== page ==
Large Language Model Can Help You Develop For The Amiga

Developing for the Amiga used to involve reading dense programming manuals and trial and error. In contrast, developing these days can be as simple as barking orders at ChatGPT to spit you out some Python code. However, that technique doesn’t work so well for Amiga languages, as ChatGPT hasn’t read much about the now-ancient platform. However, as covered by AmigaNews, there is now a ChatGPT model trained specifically on Amiga development. Enter Amiga Guru.

The work of [Cameron Armstrong], Amiga Guru was built after his early experiments with ChatGPT spat out non-functional gibberish when Amiga-compatible code was requested. The model has been trained on a corpus of official Amiga programming manuals, third-party books, and even the documentation for AmigaOS 3.2 and 4.1.

Using the model yourself requires a subscription to ChatGPT Plus, which prevents this writer from testing it directly. However, it makes sense that having been directly trained on Amiga manuals, it would be more capable at answering Amiga programming queries than conventional ChatGPT 4.

It’s easy to see the value of such a system. Learning to program for older platforms can be hard, with less resources available for new learners. Having an AI to help could be useful for some eager to develop for the 68K-based machine.

If you’d like to try Amiga Guru, you can access it via this link. Be sure to let us know how you go, and whether you think it has any value for speeding up your own Amiga development. Otherwise, if you’ve been doing anything else nifty with the platform that Commodore bought and paid for, don’t hesitate to let us know!

[Thanks to Stephen Waters for the tip!]

13 thoughts on “Large Language Model Can Help You Develop For The Amiga

  1. This isn’t a hack and there is no explanation + examples how this works (the quality of training). So it is basically free advertisement? Boo!

    (I’m not fun at parties or hackatons, I know.)

    1. Yeah… there are a surprising number of folks still working on Amiga, both software and new hardware. I’ve been to Amiga shows in Europe for the last 10 years or so and they get larger every year.

  2. I feel like it’d be more interesting to see the *how* this was done… don’t get me wrong, it’s cool and all… but I suspect there are many of us that would like to similarly *hack* the LLM for our own particular purposes and more specific target scenarios. Maybe [Cameron Armstrong] could be encouraged to document the steps necessary to get to the results achieved. Additionally, it would seem to me that having such a trained model would be a *great start*, but knowing how to further *hack* this ourselves seems like a better tool so that it could be further fine-tuned over time (again, for our own specific needs).

    1. My friend has a GPT subscription and he showed me how he trained GPT on extra data. It was really simple – you just log in, create a project and upload a bunch of PDF files containing the books you want it to train on. So I am guessing that the creator has taken all of the published Amiga books (which are available as PDF files on the Internet) and fed them into GPT. There might be extra steps that my friend didn’t show me, but that was basically it.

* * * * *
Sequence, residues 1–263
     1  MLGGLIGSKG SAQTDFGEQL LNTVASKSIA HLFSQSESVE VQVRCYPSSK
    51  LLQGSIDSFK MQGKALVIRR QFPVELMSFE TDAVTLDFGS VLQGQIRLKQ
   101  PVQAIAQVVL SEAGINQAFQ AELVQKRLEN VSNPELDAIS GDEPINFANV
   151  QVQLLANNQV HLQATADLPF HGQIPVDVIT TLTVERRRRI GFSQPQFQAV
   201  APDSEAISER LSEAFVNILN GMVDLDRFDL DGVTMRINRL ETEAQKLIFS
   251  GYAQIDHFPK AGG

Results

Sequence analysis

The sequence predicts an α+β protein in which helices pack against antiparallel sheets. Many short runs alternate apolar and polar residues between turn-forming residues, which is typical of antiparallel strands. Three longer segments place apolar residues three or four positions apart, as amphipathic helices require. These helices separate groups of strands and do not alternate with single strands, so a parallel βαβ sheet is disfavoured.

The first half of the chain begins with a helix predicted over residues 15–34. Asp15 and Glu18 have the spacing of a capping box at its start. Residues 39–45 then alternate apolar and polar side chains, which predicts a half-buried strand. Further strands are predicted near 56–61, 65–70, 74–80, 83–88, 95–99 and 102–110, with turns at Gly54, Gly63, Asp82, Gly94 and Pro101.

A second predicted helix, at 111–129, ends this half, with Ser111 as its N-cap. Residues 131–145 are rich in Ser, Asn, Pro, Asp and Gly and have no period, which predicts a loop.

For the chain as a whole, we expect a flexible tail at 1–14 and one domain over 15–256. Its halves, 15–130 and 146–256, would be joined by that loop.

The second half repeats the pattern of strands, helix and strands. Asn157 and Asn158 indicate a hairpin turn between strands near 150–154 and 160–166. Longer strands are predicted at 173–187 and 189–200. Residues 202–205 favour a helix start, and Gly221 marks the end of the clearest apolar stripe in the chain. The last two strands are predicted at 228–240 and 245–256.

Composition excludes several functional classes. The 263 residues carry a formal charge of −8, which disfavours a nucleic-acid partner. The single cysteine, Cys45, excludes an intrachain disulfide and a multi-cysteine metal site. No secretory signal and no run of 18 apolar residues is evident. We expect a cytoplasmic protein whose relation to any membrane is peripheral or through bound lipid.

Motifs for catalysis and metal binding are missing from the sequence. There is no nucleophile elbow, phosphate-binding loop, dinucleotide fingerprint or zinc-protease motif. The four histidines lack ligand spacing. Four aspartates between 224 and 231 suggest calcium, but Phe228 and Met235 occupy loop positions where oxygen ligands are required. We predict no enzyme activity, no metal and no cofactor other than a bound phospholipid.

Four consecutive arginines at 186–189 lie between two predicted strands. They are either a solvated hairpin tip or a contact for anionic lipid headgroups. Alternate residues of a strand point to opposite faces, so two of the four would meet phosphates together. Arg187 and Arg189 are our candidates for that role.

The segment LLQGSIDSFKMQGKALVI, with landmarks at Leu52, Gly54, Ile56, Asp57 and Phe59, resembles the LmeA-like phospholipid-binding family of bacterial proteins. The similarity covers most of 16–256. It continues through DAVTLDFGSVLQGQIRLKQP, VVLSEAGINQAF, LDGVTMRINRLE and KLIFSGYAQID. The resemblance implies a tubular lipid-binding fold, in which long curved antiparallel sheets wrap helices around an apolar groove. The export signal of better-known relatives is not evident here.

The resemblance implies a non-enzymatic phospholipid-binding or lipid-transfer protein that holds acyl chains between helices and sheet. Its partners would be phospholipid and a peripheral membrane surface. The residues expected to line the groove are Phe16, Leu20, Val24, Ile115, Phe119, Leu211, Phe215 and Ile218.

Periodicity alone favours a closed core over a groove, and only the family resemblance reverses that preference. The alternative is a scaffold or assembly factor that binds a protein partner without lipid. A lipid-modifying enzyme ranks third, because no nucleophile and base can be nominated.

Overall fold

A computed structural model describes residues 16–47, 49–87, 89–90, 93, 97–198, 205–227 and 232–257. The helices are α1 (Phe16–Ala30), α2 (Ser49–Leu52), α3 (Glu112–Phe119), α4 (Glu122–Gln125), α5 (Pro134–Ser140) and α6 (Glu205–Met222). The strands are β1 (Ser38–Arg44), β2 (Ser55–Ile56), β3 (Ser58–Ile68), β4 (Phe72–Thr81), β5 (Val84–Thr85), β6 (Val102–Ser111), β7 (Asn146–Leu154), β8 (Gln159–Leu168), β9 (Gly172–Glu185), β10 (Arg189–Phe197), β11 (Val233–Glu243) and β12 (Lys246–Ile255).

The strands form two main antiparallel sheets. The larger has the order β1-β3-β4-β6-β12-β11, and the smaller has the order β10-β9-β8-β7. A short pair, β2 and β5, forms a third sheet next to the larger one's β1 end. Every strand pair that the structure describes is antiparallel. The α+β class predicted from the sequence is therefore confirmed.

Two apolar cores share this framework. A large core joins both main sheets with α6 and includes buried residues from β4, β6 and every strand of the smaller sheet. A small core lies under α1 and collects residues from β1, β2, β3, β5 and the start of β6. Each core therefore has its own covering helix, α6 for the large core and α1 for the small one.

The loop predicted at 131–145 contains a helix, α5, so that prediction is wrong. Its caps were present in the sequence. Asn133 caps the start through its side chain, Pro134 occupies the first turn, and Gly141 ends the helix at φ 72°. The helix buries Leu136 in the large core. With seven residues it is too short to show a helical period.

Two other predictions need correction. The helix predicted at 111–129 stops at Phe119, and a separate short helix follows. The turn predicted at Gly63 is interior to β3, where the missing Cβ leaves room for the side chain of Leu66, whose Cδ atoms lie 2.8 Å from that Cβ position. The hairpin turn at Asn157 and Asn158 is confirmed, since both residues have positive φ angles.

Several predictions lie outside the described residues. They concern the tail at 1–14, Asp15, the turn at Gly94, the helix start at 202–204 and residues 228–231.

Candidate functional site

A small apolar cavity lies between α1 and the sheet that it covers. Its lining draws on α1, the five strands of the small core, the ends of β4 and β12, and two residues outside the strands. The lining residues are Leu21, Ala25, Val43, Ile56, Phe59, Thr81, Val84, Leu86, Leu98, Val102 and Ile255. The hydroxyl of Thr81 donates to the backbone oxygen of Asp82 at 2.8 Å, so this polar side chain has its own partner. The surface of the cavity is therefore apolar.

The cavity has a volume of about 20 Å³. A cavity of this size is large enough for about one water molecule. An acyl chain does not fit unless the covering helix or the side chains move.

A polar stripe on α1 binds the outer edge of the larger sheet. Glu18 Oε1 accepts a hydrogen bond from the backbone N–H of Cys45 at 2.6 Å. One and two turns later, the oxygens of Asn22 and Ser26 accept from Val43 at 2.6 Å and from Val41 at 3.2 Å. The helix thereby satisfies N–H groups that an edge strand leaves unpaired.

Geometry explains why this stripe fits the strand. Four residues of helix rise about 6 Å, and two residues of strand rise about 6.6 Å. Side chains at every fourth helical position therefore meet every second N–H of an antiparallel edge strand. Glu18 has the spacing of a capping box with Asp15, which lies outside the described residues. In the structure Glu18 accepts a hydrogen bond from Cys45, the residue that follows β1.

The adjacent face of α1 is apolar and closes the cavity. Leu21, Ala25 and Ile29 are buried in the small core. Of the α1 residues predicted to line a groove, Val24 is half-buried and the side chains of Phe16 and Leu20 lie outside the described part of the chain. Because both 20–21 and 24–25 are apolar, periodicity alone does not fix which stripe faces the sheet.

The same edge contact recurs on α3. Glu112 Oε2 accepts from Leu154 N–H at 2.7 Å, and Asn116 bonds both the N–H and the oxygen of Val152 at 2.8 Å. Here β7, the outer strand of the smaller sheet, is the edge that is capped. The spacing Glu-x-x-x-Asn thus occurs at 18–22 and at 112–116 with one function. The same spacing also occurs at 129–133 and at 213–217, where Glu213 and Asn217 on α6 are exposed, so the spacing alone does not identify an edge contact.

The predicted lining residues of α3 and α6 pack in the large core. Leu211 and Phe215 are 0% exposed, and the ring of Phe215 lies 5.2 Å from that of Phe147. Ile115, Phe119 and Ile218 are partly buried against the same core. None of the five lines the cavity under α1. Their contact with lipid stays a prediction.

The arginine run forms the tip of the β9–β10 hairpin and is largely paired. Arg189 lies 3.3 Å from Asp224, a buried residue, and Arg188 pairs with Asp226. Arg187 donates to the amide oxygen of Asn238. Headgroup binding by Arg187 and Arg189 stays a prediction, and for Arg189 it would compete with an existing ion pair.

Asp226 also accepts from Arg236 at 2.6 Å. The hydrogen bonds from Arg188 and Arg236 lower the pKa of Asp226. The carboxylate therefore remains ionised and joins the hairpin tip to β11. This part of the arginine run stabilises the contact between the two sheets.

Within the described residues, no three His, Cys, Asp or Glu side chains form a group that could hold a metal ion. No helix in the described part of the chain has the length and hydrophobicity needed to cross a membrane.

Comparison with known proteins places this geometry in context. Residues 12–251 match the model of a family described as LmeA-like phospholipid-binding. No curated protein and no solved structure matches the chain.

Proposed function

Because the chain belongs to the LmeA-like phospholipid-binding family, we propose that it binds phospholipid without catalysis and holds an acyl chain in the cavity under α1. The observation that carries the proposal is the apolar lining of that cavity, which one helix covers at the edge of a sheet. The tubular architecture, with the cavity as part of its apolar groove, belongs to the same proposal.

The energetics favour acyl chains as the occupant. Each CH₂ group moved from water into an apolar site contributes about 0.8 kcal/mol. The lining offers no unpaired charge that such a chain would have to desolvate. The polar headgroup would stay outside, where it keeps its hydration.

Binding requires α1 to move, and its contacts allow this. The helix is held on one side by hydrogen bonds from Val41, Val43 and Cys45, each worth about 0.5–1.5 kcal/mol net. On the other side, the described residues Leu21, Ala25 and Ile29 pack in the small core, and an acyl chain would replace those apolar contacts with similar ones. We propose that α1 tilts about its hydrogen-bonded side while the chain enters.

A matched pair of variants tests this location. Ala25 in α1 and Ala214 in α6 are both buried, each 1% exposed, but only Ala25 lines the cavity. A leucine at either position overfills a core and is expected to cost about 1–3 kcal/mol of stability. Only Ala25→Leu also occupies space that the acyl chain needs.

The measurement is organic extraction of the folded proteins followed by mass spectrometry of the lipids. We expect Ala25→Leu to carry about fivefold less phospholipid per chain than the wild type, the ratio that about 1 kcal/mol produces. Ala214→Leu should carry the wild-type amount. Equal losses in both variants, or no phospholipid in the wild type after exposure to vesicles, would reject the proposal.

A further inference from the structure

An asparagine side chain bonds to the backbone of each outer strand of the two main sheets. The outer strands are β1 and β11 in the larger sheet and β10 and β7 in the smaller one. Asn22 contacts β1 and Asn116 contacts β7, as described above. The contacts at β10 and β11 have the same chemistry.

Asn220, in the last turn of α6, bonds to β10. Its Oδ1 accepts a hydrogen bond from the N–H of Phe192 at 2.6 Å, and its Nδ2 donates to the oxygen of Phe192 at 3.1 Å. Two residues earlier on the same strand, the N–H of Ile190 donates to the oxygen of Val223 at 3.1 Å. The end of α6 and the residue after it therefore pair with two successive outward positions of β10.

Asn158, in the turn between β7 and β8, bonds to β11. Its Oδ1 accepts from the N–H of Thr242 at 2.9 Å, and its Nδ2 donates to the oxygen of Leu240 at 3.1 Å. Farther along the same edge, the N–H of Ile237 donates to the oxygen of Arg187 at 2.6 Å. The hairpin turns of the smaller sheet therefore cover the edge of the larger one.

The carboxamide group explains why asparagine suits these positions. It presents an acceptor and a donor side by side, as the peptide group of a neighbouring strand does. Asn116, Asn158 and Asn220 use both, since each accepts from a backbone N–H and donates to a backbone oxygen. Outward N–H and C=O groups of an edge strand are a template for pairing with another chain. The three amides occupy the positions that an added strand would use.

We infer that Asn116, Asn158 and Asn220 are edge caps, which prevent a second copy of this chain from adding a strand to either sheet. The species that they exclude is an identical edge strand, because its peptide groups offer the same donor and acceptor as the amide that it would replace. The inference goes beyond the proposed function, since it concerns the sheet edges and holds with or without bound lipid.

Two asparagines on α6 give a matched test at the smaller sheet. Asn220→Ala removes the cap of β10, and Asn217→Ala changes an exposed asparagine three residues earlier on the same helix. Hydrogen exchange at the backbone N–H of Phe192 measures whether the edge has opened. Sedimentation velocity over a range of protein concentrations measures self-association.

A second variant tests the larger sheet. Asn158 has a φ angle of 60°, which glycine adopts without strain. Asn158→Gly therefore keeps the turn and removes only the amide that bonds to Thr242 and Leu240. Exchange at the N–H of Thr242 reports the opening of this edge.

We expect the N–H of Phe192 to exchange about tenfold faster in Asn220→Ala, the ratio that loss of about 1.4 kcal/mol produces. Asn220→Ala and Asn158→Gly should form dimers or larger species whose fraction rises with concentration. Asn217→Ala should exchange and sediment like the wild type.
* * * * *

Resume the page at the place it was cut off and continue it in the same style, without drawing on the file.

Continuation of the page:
3. Last week I picked up three A1200s, two of which have 68030 accelerators in them, from a late relative. Apparently my mum’s cousin has another two that I am welcome to! The relative (Graham) was in the local Cine-club and when I was 10 we filmed my primary school play and then edited it, titled it with Scala and a genlock on the Amiga, etc. then we all watched it at school. I’ll be 43 in a few days 😮

    A little while ago I had been thinking about getting an Amiga (Nostalgia!) and all of a sudden I’m surrounded by them. When I was 13 or 14 we went to the Bowlers computer fair for my birthday and picked up an A1200 but when I got it home the keyboard was faulty and it was returned, much to my upset. I only ever had an A2000 (a kickstart 1.3, like an A500 in a big box) and then later an A600 with a hard drive.
    One of my mates had a 500+ with an action replay cartridge. I’d love to have an AR on one of these A1200s with accelerator but it’s not possible.
    I vaguely remember having some kind of resident software debugger type tool that you could interrupt the system with from a key combination, but my Googling powers have failed to turn anything up.
    Anyway I need a PSU connector so that I can adapt an ATX PSU, I need a mouse converter, and I need a scan doubler before I can even turn them on, so it’ll be a little while yet.
    I had been thinking about learning programming on them – and whether it is comoarable to MCU development (direct hardware, no mmu, direct framebuffer etc), but I doubt it. It would just be very tough I imagine. No fancy syntax highlighting intellisense linting IDEs..

    1. Carl, absolutely you can have fancy syntax highlighting linting IDEs! Just not natively (although there are some that have syntax highlighting). Most people use something like VS Code on a PC/Mac/Linux, with a cross compiler, and they send the finished executable for execution on the actual Amiga. Sadly, you do miss out on the fun of actually using the Amiga to do the coding, but cross compilation does allow you to develop in a more modern way, which can greatly speed up development.

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